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Friday 1 December 2023 Dublin: 2°C

The HSE has been offered an additional 1,000 beds this winter

The offer has been made by Nursing Homes Ireland (NHI).

shutterstock_175551272 Shutterstock / Stokkete Shutterstock / Stokkete / Stokkete

THE HSE HAS been offered an additional 1,000 beds in Irish nursing homes this winter to alleviate overcrowding in state hospitals.

The suggestion has been put forward by chief executive of Nursing Homes Ireland Tadhg Daly.

In a statement the organisation said it has today “offered partnership to the Department of Health, HSE and Emergency Department Taskforce in planning for the winter pressures… in acute hospitals”.

It’s understood that the NHI beds have not been included in the HSE’s planning for the winter months to come.

The NHI is today holding its annual conference at the Citywest Hotel in west Dublin.

Kelly this morning expressed his “disappointment” that Minister for Health Simon Harris will not be appearing at that conference having cited “government business”.

Nursing Homes Annual Confe Leon Farrell / Photocall Ireland Tadhg Daly Leon Farrell / Photocall Ireland / Photocall Ireland

“Back in July, the Department of Health and Minister Harris’s office committed to engage with the NHI ‘in a timely manner’ as part of its winter planning process. We are now in November, winter is upon us and there is no sign of the engagement committed to,” Daly said.

A survey we undertook at the start of the month has informed nursing homes have capacity this winter of up to 1,000 vacant beds. This is the equivalent of creating capacity of four good-sized hospitals and could play a lead role in facilitating Government’s stated objective of providing care in the community.
Nursing homes have the capacity and expertise to provide convalescent, rehabilitative and respite care removed from hospitals and in our communities. Yet here we are approaching into the winter period of high numbers of persons lying on trolleys within our hospital corridors and wards and engagement with the majority providers of long-term nursing care is absent.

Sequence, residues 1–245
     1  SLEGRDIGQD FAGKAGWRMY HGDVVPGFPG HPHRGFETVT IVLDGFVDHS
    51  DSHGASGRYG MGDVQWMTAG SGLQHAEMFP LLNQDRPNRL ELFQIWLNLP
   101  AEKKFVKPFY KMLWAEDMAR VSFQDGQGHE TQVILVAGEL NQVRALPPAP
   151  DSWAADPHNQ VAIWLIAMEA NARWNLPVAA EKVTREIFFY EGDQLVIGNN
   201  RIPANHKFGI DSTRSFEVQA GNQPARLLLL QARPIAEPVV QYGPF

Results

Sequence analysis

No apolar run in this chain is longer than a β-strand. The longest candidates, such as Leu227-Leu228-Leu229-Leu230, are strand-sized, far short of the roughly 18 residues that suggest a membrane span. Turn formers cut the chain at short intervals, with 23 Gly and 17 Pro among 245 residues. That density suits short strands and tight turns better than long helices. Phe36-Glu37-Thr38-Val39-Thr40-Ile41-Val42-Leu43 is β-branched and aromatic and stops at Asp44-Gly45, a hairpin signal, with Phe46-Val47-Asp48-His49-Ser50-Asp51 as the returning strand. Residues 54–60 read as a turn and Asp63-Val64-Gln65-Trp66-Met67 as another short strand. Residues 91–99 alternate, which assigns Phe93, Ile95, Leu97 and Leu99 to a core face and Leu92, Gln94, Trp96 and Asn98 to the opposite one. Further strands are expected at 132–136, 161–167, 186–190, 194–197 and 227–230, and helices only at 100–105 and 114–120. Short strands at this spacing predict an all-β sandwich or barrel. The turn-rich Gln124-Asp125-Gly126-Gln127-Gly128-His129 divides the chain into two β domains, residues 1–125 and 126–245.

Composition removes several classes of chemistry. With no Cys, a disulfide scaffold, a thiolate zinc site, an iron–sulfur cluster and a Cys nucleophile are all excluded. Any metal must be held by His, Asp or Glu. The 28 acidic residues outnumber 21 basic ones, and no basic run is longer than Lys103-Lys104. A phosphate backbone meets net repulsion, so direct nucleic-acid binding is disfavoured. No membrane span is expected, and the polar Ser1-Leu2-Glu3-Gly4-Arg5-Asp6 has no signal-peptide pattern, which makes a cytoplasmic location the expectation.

Daly added that he finds it “disappointing” that a “parochial attitude” has been taken by stakeholders with regard to the issue.

“The HSE and the NHI are in constant communication in relation to private nursing home bed availability,” a HSE spokesperson told

In the East Coast the HSE has developed a Bed Bureau, an IT-based system, which allows for all private nursing homes to register vacancies and which in turn allows the hospital and community services to identify and provide information to patients and families on their choice of care if they require residential services.
In addition the HSE nationally, approves 167 applications on average weekly for patients to move to private nursing homes for Transitional Care for periods of three-to-four weeks on average. Some factors must be taken into account including where private nursing homes are needing top up charges over and above the rate approved through the Nursing Home Support Scheme. Also there are some nursing homes who may decline the provision of service to the patient due to their level of complexity.
The HSE will continue to work closely with NHI to maximise this resource and to ensure that suitable patients move to appropriate residential care, taking account of their choice and where such nursing homes have the ability to provide for their care needs.

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